Via Mark Thoma, here is an interview with the ever-impressive Kevin Murphy. One excerpt, on the topic of medical R&D:
What really does matter is the cost of treatment. If treatment costs
are $10 trillion, the project has a negative net present value even if
the research is free. With $2 trillion in treatment costs, the net gain
from success is $3 trillion, so that we would get a good return even if
the probability of success was one in 30. So when you think about
research, it’s not the dollars you spend that matter–what matters is
the cost of implementing the treatment that might be discovered. The
downside to research is not failure, but unaffordable success.
I think the following message comes out of that exercise: Cost
containment and health progress are complementary. That is, if we can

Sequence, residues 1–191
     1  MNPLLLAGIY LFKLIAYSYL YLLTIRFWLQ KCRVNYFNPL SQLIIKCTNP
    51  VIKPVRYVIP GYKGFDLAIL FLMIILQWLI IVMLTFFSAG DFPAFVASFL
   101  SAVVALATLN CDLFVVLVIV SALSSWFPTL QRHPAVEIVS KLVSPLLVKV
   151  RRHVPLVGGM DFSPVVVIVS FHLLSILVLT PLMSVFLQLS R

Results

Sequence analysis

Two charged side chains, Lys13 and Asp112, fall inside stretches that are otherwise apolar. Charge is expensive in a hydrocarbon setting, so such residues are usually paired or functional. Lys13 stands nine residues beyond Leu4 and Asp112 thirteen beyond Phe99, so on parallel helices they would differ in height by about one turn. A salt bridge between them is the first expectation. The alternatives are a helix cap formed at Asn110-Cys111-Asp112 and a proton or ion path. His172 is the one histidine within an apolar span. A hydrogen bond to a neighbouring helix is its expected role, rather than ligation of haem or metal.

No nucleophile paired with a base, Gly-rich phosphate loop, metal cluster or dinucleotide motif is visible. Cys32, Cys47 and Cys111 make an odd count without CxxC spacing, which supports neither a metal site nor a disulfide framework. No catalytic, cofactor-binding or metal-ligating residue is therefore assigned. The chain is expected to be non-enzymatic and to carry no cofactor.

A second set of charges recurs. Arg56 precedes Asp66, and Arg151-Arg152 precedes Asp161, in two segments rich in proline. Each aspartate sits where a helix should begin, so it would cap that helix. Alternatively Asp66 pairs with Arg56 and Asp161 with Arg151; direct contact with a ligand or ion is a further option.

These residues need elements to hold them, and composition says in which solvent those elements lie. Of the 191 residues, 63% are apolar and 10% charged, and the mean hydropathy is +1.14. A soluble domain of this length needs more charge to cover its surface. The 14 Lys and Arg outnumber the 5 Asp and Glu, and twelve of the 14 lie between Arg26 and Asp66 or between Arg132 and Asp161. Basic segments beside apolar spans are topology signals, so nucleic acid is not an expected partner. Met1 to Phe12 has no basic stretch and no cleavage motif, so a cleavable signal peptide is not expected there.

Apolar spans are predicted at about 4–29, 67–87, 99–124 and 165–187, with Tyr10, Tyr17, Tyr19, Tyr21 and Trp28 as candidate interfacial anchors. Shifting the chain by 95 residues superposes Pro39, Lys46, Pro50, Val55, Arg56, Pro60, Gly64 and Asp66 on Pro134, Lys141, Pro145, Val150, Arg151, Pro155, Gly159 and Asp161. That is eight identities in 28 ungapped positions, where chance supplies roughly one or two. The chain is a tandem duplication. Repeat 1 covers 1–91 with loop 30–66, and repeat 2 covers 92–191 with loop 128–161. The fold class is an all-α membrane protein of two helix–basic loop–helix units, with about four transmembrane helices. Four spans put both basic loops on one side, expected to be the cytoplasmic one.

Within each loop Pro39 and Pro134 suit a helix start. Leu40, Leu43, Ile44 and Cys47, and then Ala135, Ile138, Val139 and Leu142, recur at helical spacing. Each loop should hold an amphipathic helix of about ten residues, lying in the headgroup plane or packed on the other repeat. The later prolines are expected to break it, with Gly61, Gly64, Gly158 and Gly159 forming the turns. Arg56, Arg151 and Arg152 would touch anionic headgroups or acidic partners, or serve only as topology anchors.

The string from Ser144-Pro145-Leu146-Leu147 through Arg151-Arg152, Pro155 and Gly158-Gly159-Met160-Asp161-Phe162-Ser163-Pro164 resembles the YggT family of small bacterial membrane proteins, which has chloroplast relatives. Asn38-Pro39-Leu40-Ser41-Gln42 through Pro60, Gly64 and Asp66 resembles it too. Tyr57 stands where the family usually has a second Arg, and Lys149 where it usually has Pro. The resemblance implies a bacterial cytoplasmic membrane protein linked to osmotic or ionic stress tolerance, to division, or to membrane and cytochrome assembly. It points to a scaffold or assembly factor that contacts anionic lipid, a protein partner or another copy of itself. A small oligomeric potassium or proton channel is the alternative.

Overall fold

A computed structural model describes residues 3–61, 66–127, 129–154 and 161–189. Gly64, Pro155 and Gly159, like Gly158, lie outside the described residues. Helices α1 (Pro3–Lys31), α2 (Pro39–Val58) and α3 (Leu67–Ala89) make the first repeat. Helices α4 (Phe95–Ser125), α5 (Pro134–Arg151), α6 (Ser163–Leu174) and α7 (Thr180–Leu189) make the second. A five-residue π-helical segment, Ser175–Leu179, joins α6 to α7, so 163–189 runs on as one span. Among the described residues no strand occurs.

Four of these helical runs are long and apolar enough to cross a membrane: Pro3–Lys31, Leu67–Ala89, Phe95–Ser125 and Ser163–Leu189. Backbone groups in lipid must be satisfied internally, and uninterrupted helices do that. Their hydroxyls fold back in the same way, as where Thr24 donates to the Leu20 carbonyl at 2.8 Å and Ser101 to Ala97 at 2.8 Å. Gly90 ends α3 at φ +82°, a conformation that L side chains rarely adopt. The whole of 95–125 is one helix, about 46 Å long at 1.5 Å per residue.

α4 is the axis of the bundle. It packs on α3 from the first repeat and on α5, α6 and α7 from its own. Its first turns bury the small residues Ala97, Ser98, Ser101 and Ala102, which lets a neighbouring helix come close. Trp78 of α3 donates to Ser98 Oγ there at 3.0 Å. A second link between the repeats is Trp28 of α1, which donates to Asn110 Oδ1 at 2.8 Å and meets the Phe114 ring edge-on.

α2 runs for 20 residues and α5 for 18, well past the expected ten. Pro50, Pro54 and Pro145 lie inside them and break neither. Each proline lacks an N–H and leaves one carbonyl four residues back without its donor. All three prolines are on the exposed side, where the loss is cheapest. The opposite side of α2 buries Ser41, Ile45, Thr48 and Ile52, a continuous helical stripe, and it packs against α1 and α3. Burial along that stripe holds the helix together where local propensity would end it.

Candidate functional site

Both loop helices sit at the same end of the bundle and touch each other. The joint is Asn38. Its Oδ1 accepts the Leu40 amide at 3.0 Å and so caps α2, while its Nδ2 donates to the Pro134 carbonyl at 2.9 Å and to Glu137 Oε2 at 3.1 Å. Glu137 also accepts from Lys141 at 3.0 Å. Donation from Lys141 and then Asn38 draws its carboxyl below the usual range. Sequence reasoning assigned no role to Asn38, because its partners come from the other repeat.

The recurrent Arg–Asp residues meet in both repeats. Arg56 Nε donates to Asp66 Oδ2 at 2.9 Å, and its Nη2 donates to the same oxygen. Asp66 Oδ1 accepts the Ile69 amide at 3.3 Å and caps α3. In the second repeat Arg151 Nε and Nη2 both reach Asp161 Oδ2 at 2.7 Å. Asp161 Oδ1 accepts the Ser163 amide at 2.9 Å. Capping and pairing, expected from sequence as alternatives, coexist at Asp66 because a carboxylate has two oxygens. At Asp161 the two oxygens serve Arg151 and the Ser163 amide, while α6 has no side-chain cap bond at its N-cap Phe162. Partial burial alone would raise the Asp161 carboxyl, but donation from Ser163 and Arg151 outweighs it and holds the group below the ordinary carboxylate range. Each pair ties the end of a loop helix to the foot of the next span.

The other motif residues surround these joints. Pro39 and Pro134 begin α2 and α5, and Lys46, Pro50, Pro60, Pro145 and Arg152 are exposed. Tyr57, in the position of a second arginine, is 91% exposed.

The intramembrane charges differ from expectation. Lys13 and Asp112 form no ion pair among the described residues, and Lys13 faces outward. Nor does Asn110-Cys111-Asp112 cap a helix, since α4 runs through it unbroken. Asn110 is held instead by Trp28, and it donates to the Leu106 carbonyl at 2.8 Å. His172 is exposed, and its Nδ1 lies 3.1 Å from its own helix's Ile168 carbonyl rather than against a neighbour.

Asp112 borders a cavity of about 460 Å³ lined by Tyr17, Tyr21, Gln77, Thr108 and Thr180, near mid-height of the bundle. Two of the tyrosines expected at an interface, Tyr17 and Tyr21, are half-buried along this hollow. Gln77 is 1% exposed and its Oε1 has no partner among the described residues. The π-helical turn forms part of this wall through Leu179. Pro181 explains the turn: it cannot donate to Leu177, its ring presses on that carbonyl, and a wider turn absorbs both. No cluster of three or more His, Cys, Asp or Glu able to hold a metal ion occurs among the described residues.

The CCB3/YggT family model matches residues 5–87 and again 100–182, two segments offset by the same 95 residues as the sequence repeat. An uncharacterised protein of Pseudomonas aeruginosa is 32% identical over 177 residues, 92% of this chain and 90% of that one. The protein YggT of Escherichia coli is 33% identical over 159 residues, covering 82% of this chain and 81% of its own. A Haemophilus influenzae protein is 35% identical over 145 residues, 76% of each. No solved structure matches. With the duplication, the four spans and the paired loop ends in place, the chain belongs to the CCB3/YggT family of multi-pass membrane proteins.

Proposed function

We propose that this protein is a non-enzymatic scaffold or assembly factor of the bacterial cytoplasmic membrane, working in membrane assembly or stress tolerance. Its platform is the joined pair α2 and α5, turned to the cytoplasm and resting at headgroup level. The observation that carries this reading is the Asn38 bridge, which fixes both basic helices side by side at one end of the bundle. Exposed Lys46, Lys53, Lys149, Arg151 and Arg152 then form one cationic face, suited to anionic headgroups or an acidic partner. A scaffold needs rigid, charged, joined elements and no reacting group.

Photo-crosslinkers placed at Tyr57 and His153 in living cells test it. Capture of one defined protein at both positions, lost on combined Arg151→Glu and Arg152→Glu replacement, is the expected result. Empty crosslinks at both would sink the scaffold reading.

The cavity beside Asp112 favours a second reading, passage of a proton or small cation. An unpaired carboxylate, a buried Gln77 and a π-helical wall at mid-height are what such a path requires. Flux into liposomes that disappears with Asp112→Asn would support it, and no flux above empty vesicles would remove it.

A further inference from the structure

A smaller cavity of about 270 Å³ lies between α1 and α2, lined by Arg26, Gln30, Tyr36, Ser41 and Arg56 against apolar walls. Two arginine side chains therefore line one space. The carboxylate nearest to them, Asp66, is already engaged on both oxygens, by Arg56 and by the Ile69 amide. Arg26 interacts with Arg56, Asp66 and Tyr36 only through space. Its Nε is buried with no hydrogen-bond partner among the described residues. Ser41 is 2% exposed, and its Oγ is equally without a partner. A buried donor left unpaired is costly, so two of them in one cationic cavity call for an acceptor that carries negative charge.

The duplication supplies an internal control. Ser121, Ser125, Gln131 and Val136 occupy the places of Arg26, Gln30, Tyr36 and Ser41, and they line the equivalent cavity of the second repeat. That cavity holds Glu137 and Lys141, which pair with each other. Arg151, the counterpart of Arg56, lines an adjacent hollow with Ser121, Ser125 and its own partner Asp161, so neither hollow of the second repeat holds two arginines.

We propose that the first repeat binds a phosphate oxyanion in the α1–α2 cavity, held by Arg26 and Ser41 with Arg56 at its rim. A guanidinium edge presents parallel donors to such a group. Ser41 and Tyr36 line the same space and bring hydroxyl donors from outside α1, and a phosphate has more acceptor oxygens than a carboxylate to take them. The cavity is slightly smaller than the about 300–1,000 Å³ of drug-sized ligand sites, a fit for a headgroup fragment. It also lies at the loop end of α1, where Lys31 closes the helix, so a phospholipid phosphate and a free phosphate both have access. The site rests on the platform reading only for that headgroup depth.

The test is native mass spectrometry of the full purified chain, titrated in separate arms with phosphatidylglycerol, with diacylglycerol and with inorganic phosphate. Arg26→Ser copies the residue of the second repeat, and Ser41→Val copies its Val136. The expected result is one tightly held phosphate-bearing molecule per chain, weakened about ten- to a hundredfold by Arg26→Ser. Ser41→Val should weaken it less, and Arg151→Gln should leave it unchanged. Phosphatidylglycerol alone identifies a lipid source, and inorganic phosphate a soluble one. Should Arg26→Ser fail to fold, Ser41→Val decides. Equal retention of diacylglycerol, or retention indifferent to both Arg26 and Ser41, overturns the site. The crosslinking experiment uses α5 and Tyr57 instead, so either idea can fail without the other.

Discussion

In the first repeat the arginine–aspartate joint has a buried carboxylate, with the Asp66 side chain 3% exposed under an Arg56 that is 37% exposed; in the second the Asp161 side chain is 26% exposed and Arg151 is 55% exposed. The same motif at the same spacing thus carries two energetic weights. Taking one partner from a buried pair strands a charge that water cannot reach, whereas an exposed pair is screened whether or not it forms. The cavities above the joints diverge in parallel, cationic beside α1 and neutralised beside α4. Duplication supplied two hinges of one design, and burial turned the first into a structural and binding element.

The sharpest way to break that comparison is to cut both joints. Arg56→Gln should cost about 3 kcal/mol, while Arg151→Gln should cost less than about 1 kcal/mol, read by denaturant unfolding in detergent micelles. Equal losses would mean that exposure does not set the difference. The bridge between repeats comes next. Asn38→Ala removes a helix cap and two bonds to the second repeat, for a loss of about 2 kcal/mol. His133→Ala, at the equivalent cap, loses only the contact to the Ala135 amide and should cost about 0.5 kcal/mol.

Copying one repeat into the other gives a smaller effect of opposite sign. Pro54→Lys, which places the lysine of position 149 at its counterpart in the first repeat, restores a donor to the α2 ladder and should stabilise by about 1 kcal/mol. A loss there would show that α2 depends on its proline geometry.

control costs, that makes research a much more attractive option.
That’s the most important lesson I learned from doing this work.
When you go to Washington and talk to people at NIH, what are they
excited about? They’re excited about that $5 trillion number. They’re
excited that, boy, we could do something that could generate tremendous
value for people. We can cure disease and lengthen lives, both of which
make people much better off. The work that Bob and I did quantifies
that number; it says it’s huge, $5 trillion for that 10 percent
reduction in cancer.
You walk across the street and talk to the guys who have to pay for
it, and they’re terrified that people are going to come up with more
new medical treatments that they’re somehow going to have to finance.
Is there any man who thinks more like an economist than does Kevin Murphy? Maybe one:
Region: Does Gary Becker ever stop working?
Murphy: No. He never stops working. He’s a machine. He outworks everybody half his age.